Yutaka Yasui, a Japanese seismologist for Kakioka Magnetic Observatory made his personal observations and documented 34 detailed accounts of EQL including 14 sketches and 10 photographs taken by residents in the Matashiro area. Later, Yasui concluded that 18 of the 34 detailed accounts could not be elucidate by known lighting activity like twilight, zodiacal light, auroras, meteors and other sources and the other 16 accounts cannot be considered natural phenomena (Wagner, 1978).
The appearances of these strange lights during and after an earthquake are also visible in other parts of the globe. In 1976, a stunning EQL activity covering several hundred of square kilometers was seen in mainland China. Many other recorded sightings in various parts of the world including Hawaii, Taiwan, Alaska, Soviet Union, and the United States.
Earthquake Lights or EQL are generally known as bright luminescence based near ground level or broad sky glows that cover areas up to several square kilometers and sometimes more (Wagner, 1978). EQL varies in color from bright white and blues to reds and oranges, occurrence with other colors than those mentioned said to be effects of variations in the atmosphere such as humidity, barometric pressure, pollutants and cloud cover (Wagner, 1978).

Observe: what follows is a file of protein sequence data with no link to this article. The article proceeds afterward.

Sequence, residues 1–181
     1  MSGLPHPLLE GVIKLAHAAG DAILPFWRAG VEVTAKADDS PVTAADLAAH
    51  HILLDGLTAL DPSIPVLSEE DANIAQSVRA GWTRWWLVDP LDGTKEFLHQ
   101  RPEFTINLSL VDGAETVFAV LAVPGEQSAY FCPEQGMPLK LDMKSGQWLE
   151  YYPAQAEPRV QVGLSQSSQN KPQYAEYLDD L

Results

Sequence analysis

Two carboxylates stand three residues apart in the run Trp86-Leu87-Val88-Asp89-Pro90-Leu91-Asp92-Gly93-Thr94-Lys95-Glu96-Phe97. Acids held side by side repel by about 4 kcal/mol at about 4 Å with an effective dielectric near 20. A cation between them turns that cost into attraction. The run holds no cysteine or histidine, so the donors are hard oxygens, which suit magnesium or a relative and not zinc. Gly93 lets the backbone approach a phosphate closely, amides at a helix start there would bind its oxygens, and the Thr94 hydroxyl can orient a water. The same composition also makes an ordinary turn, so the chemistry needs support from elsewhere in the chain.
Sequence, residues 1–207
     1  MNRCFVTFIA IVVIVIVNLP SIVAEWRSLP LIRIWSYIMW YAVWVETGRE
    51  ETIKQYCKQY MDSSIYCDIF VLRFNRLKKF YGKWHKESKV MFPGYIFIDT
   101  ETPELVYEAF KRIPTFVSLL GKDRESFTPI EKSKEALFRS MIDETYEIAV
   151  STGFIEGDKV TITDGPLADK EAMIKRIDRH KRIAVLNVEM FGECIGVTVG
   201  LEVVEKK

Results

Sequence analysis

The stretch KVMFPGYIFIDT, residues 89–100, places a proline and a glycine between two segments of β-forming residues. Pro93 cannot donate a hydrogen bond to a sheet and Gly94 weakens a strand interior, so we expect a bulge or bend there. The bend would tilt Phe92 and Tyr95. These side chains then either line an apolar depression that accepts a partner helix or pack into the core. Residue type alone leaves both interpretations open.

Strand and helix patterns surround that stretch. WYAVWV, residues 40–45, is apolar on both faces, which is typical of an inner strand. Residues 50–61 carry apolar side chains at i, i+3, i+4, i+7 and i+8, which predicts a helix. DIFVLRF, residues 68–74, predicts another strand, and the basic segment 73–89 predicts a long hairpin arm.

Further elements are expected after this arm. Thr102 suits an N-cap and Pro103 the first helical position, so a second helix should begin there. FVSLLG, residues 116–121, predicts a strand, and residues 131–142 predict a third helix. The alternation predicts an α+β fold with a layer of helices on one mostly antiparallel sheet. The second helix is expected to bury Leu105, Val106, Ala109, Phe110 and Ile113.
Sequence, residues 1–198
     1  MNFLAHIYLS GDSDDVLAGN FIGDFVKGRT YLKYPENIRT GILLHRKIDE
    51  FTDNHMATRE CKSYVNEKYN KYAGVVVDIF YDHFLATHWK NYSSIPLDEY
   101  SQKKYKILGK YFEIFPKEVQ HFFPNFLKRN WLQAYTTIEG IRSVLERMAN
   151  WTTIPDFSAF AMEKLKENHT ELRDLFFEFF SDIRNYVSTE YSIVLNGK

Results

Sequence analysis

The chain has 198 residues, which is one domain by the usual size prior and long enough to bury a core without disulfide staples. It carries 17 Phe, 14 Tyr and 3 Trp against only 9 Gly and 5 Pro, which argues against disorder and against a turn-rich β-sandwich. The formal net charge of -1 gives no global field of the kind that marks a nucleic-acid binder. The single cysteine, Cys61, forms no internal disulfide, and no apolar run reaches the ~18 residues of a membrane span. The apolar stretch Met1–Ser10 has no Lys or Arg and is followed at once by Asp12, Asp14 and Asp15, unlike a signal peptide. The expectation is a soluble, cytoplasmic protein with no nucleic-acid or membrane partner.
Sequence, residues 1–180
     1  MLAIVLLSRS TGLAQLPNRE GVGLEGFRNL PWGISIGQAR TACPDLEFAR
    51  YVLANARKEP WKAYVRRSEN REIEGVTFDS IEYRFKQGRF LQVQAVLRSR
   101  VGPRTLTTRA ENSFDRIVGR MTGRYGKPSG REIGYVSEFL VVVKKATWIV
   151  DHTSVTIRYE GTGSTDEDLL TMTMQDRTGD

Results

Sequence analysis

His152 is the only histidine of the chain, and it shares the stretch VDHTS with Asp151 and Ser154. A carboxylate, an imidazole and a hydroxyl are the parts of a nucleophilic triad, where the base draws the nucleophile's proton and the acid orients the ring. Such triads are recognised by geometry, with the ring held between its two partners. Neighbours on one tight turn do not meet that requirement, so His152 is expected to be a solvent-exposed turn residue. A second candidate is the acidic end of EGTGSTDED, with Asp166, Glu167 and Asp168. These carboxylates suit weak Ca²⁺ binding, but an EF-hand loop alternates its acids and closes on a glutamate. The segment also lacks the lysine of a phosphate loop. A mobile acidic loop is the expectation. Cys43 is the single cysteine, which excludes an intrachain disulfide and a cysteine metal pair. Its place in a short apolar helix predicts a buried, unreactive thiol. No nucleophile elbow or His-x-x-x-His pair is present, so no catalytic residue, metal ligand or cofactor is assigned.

According to Wagner's (1978) article, a more detailed description of EQL summarized by two seismologists Yutaka Yasui and John Derr as:
a) Flashes of lights lasting from 10 seconds to 10 minutes.
b) Extensive blaze like search light beams limited to point sources. The estimated luminescent spheres are between 50-100cm in diameter up to 200m in diameter.
c) Incidences of EOL are mostly near areas of known active faulting, mountain peaks, and areas with rich deposit of high normative quarts or silicia minerals.
d) Usually occurring accompanied by major weather fronts instantaneous with earthquake activity.
e) Large decrease in electric potential gradient, radio interference ranging from 10-20KHZ, absence of anomalies in magnetometer and spectroscope readings during EQL activity.
f) Presence of atmospheric potential gradients and increase in radon gas near mountain peaks and fault zones.
The most widespread explanation of EQL's mechanism is the violent low-level air oscillation due to tremor movement that sets up electrical disparity in the air. The other is the piezoelectric effects that occur when SiO2 rich rocks undergo stress. The theory is a less accepted because of the facts that EOL's are sighted and visible before the earthquake take place.
According to Wagner 1978, another weak theory is the explanation that some earthquake radiance is auroras (northern lights). Auroras are made up of charged particles about 60 miles above the earth and comes naturally in colors of blue and green. Auroras occur year round and most visible in fall and spring months and typically last an hour. Earthquake lights are only visible whenever there is a tremor and last for a few minutes.
There is a great possibility that EQL's are spawn by electrostatic charges considering animal behavior when an earthquake is about to take place (Wagner, 1978).